Kicking And Clawing For The Mgm Lion
Well-connected banking lobbyist Robert S. Royer never paid much attention to the goings-on in Hollywood. But that changed one evening last summer as he sat smoking cigars on the porch of fellow bank lobbyist James J. Butera's home. The two Washington insiders mulled over Butera's tricky new assignment: to quietly amend U.S. banking laws so that his new client, French state-owned bank Credit Lyonnais, can avoid an onerous May, 1997, deadline for selling Metro-Goldwyn-Mayer Inc.
These days, Butera and Royer are locking horns instead of smoking cigars. Butera has succeeded in getting a provision added to a pending bill that would give Credit Lyonnais until 2002 to sell the studio it took over from Giancarlo Parretti in 1992. But Parretti, the controversial Italian financier who has been in litigation with Credit Lyonnais over MGM for years, wants a shot at buying back the weak but legendary studio. Parretti hired Royer last December to derail Credit Lyonnais' lobbying gambit. The battle is heating up as the bill containing Credit Lyonnais' amendment gains momentum for passage, and the French bank's behind-the-scenes legislative remedy has turned into an increasingly noisy fracas.
DEADLINE DANCE. Certainly, the French would benefit from extra time. The studio, nearly bankrupt when the bank took control, has enjoyed a recent string of hits, such as Get Shorty, Leaving Las Vegas, and The Birdcage. With those successes giving MGM a boost, Lazard Freres & Co. began shopping it to potential buyers on Mar. 12. The bank, which has about $2 billion invested in MGM, hopes to sell for at least $1.5 billion. But the looming deadline puts it in a weak negotiating position. Credit Lyonnais and Butera declined to comment for this story.
So Credit Lyonnais is doing all it can to avert a shotgun sale. Last March, it transferred about $27 billion of mostly troubled assets--including MGM--to Consortium de Realisation, which is also overseen by the French government. The French hope this removes the studio from the bank's books. But the Federal Reserve Board, which regulates Credit Lyonnais in the U.S., has not yet indicated whether the maneuver puts MGM out of Fed jurisdiction.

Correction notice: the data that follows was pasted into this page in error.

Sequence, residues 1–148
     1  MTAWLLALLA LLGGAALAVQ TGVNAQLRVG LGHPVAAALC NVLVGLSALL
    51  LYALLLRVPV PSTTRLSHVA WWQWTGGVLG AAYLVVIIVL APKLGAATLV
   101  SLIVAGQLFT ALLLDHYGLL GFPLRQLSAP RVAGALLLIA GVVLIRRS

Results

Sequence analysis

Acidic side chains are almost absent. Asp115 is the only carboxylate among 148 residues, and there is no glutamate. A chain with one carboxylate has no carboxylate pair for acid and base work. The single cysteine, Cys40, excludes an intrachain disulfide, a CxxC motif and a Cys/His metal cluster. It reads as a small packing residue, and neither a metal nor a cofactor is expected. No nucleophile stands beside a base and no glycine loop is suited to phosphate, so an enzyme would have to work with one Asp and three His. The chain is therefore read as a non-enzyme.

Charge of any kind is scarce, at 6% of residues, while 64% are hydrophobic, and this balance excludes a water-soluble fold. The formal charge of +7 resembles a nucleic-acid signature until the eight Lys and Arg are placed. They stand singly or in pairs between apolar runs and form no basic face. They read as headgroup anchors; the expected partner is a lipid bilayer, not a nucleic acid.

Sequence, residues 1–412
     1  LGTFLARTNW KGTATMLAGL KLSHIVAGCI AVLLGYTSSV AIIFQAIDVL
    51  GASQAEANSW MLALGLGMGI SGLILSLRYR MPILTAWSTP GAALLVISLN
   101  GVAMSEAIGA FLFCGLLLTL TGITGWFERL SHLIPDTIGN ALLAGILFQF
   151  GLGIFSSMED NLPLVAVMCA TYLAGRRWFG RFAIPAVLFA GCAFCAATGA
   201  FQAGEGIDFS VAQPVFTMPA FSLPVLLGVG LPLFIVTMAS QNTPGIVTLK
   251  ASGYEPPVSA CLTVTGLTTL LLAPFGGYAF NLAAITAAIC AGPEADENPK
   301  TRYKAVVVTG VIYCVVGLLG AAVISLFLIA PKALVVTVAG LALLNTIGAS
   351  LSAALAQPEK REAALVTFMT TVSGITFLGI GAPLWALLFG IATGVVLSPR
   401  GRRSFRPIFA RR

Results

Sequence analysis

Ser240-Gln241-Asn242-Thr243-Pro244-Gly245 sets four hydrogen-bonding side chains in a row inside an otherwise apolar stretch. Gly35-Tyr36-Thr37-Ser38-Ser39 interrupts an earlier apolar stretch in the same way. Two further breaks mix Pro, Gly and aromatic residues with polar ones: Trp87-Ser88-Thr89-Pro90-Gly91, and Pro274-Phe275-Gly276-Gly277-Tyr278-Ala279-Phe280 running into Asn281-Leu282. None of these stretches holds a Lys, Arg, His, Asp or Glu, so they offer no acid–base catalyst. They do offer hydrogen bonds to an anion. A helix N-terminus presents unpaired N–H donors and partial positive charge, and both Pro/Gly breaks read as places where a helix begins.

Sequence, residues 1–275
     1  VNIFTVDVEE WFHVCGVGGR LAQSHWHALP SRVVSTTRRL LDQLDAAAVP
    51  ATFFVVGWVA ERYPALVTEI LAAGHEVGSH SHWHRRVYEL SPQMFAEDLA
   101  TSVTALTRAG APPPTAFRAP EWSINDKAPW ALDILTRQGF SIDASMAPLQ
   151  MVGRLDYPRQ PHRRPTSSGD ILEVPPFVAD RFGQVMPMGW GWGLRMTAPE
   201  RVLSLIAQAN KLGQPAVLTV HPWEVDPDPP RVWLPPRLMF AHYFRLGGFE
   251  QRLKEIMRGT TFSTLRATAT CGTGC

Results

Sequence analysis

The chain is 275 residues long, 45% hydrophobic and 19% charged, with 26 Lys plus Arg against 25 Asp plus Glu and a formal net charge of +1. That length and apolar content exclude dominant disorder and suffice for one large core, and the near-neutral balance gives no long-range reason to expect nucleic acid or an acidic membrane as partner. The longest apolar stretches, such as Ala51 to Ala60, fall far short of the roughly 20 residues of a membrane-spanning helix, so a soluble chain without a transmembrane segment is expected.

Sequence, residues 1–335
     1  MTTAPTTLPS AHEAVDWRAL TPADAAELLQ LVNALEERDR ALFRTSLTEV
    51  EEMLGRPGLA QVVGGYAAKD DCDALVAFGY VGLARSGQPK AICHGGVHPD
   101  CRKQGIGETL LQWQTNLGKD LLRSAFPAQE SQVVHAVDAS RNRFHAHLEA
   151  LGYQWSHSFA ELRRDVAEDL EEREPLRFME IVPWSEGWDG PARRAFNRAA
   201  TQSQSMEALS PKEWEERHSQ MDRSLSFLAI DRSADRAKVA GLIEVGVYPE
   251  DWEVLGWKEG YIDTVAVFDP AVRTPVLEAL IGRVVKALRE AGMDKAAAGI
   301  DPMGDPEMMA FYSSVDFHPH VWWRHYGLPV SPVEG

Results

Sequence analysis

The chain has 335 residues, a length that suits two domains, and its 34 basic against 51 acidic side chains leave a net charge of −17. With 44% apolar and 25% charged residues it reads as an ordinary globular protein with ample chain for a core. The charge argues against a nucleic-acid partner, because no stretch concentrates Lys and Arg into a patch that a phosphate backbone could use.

Then in July, two House members added Butera's amendment to a pending banking bill. Without naming Credit Lyonnais, the provision allows domestic and foreign bank holding companies to hold foreclosed assets for up to 10 years instead of 5. In September, a similar provision was attached to the Senate's banking bill. Curiously, a panel staffer says no one can recall if any senator specifically promoted the fix.
Since then, the battle has grown increasingly ugly. In January, Royer complained to the Justice Dept. that two partners at the law firm of White & Case, which represents Credit Lyonnais in its litigation against Parretti, have been illegally lobbying for the bank without registering as foreign agents. The firm says it broke no laws.
BROAD SUPPORT. As Credit Lyonnais and Parretti duke it out on Capitol Hill, the banking bill may be poised to move. Congressional staffers say the broad regulatory-relief bill, which cuts paperwork and some potential legal liabilities for banks, has broad support and could be passed quickly by Republicans looking to rack up some legislative accomplishments. Royer has been busy trying to create a fuss about Congress helping out a foreign bank. He's betting few if any lawmakers will argue on Credit Lyonnais' behalf.
But lawmakers are just as reluctant to come to the aid of Parretti. His iffy history includes a conviction, now under appeal, in Italy involving currency transactions. Notes one Senate staffer: "This is more like a family feud than a public policy debate."
And what a family it is. Poor MGM has been battered over the last few years as it has been bought, sold, and foreclosed upon. With this latest wrangling between its current and past owners, MGM doesn't look like it will be rid of these characters for some time to come.